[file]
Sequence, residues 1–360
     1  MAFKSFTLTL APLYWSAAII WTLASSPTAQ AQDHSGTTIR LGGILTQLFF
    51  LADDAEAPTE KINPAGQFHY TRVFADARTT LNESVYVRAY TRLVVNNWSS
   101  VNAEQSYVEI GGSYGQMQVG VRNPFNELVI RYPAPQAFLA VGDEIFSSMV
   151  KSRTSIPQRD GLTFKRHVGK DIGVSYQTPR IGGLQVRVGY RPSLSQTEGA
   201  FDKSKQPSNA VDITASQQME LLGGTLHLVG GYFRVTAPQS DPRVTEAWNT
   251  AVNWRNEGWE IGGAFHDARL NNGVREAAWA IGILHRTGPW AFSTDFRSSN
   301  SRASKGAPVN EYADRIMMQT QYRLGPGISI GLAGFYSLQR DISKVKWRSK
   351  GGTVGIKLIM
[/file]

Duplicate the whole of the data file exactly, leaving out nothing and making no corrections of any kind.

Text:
Sequence, residues 1–360
     1  MAFKSFTLTL APLYWSAAII WTLASSPTAQ AQDHSGTTIR LGGILTQLFF
    51  LADDAEAPTE KINPAGQFHY TRVFADARTT LNESVYVRAY TRLVVNNWSS
   101  VNAEQSYVEI GGSYGQMQVG VRNPFNELVI RYPAPQAFLA VGDEIFSSMV
   151  KSRTSIPQRD GLTFKRHVGK DIGVSYQTPR IGGLQVRVGY RPSLSQTEGA
   201  FDKSKQPSNA VDITASQQME LLGGTLHLVG GYFRVTAPQS DPRVTEAWNT
   251  AVNWRNEGWE IGGAFHDARL NNGVREAAWA IGILHRTGPW AFSTDFRSSN
   301  SRASKGAPVN EYADRIMMQT QYRLGPGISI GLAGFYSLQR DISKVKWRSK
   351  GGTVGIKLIM